For a large segment of society, payphones are an obsolete technology. Superman probably can’t even find a phone booth to change in anymore.

But New York City has found a new way to make payphones usable again for the public – by making them into Wi-Fi hot spots.

A pilot program announced Wednesday will provide free-to-use, no limit Wi-Fi access from existing payphone locations across the city’s five boroughs so citizens can connect their mobile devices. Payphone Wi-Fi access points are currently available in 10 locations throughout Manhattan, Brooklyn and Queens. Additional locations in the Bronx and Staten Island are planned for the coming months, according to the New York City Department of Information Technology and Telecommunications (DoITT).

“As we begin assessing the future of the payphone in New York City, this pilot should help us gauge public interest in the amenities the next generation of devices might offer,” said NYC’s Chief Information and Innovation Officer Rahul Merchant, in a statement.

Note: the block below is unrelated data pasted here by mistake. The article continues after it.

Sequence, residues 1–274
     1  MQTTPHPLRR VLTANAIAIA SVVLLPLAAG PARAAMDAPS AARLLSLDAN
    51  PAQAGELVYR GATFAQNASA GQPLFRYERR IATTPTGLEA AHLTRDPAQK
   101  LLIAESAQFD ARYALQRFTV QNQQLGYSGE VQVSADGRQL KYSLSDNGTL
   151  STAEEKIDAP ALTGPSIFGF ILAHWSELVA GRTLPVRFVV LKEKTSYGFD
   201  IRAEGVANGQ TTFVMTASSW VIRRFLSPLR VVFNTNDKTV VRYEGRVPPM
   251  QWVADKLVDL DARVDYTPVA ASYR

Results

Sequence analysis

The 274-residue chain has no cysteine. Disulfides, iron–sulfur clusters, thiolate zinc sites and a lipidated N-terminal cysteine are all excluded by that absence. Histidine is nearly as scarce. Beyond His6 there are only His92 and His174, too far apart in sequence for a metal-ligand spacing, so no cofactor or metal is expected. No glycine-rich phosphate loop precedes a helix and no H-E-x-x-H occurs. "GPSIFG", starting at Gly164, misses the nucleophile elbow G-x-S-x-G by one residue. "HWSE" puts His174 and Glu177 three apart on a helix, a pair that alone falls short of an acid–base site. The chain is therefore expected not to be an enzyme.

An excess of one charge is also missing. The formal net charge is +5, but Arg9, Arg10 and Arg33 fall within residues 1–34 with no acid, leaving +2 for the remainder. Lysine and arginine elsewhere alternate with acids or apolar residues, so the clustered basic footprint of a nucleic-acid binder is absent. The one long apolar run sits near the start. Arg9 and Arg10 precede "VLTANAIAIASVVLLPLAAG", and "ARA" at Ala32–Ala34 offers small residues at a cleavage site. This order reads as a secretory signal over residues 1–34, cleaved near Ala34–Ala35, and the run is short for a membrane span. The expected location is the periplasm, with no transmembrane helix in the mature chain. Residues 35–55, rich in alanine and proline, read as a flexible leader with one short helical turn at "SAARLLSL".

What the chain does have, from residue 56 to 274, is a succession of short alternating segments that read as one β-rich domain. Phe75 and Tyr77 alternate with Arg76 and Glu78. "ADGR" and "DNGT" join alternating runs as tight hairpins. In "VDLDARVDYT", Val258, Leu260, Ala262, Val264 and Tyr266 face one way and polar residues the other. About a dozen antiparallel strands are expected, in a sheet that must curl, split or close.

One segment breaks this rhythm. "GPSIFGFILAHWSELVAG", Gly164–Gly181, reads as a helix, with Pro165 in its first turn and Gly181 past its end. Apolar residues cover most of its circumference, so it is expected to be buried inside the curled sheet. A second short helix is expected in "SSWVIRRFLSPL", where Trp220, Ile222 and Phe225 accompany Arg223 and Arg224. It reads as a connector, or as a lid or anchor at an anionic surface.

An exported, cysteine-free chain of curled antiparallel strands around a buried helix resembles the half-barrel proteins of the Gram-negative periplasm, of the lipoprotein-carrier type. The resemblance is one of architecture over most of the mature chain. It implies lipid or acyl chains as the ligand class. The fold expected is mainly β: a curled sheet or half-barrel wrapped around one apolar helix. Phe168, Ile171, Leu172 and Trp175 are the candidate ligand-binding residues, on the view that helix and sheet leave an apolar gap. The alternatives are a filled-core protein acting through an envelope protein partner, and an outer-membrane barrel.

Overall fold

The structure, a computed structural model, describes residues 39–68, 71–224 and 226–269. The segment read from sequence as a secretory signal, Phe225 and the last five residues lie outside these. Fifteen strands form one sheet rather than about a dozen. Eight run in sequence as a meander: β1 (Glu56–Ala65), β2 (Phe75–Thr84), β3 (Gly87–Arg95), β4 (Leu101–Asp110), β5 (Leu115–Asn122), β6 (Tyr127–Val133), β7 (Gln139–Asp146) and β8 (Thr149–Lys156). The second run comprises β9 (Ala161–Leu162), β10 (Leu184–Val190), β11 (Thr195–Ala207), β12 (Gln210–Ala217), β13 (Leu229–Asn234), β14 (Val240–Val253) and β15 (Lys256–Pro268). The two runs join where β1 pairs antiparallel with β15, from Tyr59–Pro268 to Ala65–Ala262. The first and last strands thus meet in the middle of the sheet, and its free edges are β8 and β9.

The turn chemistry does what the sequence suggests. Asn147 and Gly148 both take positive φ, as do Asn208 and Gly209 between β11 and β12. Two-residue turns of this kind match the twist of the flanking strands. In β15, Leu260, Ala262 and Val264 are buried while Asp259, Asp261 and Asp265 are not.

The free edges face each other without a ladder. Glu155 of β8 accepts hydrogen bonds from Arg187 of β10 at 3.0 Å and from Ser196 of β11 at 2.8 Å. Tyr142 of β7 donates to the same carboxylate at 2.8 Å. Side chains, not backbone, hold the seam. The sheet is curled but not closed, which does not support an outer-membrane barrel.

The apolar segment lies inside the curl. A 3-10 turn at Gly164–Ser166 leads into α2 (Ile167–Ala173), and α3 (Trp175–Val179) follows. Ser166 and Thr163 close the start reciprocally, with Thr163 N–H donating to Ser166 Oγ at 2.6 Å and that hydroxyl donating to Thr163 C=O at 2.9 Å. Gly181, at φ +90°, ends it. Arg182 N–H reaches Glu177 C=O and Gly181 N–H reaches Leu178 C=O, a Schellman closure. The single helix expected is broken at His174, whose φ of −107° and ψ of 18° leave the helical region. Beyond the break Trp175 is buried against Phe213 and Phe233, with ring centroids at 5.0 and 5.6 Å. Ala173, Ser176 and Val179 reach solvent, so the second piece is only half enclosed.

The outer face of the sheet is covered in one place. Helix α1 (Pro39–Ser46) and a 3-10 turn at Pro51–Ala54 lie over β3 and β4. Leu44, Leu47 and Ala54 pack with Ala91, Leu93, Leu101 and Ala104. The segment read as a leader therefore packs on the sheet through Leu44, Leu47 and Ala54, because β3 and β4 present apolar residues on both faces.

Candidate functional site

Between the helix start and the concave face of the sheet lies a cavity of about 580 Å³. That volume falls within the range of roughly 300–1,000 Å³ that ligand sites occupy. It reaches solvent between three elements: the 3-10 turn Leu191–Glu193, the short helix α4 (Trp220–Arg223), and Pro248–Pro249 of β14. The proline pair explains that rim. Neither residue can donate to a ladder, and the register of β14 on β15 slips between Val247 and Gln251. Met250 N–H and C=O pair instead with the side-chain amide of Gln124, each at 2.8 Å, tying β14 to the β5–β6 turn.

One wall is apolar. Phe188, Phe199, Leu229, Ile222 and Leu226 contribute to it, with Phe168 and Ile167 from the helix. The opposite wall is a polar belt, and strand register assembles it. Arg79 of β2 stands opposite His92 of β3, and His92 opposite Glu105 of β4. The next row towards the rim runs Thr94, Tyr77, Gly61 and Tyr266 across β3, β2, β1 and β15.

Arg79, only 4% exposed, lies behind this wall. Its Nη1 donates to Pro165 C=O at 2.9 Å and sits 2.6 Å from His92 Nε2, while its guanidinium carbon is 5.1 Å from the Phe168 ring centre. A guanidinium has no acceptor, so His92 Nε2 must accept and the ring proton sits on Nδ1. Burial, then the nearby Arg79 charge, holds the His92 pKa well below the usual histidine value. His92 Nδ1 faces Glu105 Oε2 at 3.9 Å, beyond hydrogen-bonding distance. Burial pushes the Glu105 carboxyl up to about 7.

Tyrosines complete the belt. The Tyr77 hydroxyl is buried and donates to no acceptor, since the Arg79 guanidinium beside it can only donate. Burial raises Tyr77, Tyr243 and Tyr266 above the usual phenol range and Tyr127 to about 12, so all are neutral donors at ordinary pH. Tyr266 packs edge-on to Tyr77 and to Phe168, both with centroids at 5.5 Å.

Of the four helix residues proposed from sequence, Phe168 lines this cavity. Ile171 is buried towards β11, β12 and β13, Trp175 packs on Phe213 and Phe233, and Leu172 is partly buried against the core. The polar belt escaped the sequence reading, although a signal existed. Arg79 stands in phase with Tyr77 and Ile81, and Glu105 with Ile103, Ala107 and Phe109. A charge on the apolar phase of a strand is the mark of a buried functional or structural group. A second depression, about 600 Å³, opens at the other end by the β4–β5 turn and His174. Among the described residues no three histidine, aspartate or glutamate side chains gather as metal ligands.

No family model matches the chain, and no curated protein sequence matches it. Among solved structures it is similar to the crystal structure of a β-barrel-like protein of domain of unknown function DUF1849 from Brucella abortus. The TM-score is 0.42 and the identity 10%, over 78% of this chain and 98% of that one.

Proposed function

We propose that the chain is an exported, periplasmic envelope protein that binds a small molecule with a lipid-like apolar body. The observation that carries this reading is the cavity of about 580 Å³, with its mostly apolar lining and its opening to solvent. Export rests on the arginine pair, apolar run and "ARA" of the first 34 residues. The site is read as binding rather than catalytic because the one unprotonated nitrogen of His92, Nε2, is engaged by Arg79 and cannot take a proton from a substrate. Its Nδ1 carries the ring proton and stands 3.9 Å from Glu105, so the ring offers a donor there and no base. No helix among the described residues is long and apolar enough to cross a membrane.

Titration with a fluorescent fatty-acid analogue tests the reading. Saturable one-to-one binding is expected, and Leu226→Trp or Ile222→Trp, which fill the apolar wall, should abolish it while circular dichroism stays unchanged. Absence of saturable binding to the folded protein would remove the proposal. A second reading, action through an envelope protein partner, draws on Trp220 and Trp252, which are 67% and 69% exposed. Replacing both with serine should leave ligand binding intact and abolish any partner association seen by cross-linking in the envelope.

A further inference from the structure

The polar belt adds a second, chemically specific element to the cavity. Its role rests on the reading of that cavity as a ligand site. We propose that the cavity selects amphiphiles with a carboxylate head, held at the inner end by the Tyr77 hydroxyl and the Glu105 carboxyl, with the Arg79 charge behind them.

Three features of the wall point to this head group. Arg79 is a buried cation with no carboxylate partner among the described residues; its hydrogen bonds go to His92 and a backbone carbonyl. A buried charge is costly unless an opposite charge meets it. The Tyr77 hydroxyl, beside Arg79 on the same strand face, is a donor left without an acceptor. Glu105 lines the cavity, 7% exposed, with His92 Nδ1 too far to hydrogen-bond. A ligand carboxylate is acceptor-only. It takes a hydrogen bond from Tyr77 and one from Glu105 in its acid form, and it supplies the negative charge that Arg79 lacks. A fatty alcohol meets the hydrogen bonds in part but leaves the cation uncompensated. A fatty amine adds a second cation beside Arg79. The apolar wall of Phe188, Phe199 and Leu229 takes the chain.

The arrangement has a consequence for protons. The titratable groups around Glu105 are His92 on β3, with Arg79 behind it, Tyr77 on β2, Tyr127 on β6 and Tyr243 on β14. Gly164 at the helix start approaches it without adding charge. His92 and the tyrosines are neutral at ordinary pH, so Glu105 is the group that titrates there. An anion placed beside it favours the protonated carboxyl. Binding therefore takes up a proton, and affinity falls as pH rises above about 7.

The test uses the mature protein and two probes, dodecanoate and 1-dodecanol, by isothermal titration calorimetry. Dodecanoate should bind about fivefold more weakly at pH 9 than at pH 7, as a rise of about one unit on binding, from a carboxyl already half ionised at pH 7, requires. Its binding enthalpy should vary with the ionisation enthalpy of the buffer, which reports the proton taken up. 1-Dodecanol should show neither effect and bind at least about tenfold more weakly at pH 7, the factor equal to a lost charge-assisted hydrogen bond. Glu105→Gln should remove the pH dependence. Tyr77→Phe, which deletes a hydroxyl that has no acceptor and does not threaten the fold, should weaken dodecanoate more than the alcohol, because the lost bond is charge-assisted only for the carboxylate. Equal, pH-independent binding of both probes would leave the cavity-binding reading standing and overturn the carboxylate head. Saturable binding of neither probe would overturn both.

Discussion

According to a tweet by Rachel Sterne, the city’s chief digital officer, each of the payphone Wi-Fi hot spots will cover a 100- to 200-foot radius. Many of the payphones are located near pedestrian plazas for more convenient public access.


Photo: New York City Chief Digital Officer Rachel Sterne announces new project that will turn payphones into Wi-Fi hot spots.


DoITT is working with telecommunications companies Van Wagner and Titan on the project.

Where Are the Payphones?

View New York City Wi-Fi Hot Spots at Pay Phones in a larger map

Several Projects

The hot spot project joins of growing number of new projects unveiled by the New York City government. Earlier this year, the city announced a separate pilot program upgrading 250 payphones with touchscreen technology that show community information such as restaurant listings, retail promotions and traffic updates.

In February, the New York City Housing Authority launched a Digital Van program that puts vehicles equipped with laptops and Wi-Fi access out into the community to better reach people who don’t have those resources.

Conversation starter: Should payphones be transformed into Wi-Fi hot spots? What else could serve as a Wi-Fi access point?

Sarah Rich, Staff Writer Sarah Rich  |  Staff Writer

In 2008, Sarah Rich graduated from California State University, Chico, where she majored in news-editorial journalism and minored in sociology. Since 2010, Sarah has written for Government Technology magazine and covers a spectrum of public-sector IT topics, including cloud computing, transparency, broadband, and other innovative projects and trends. She currently lives in Sacramento, Calif.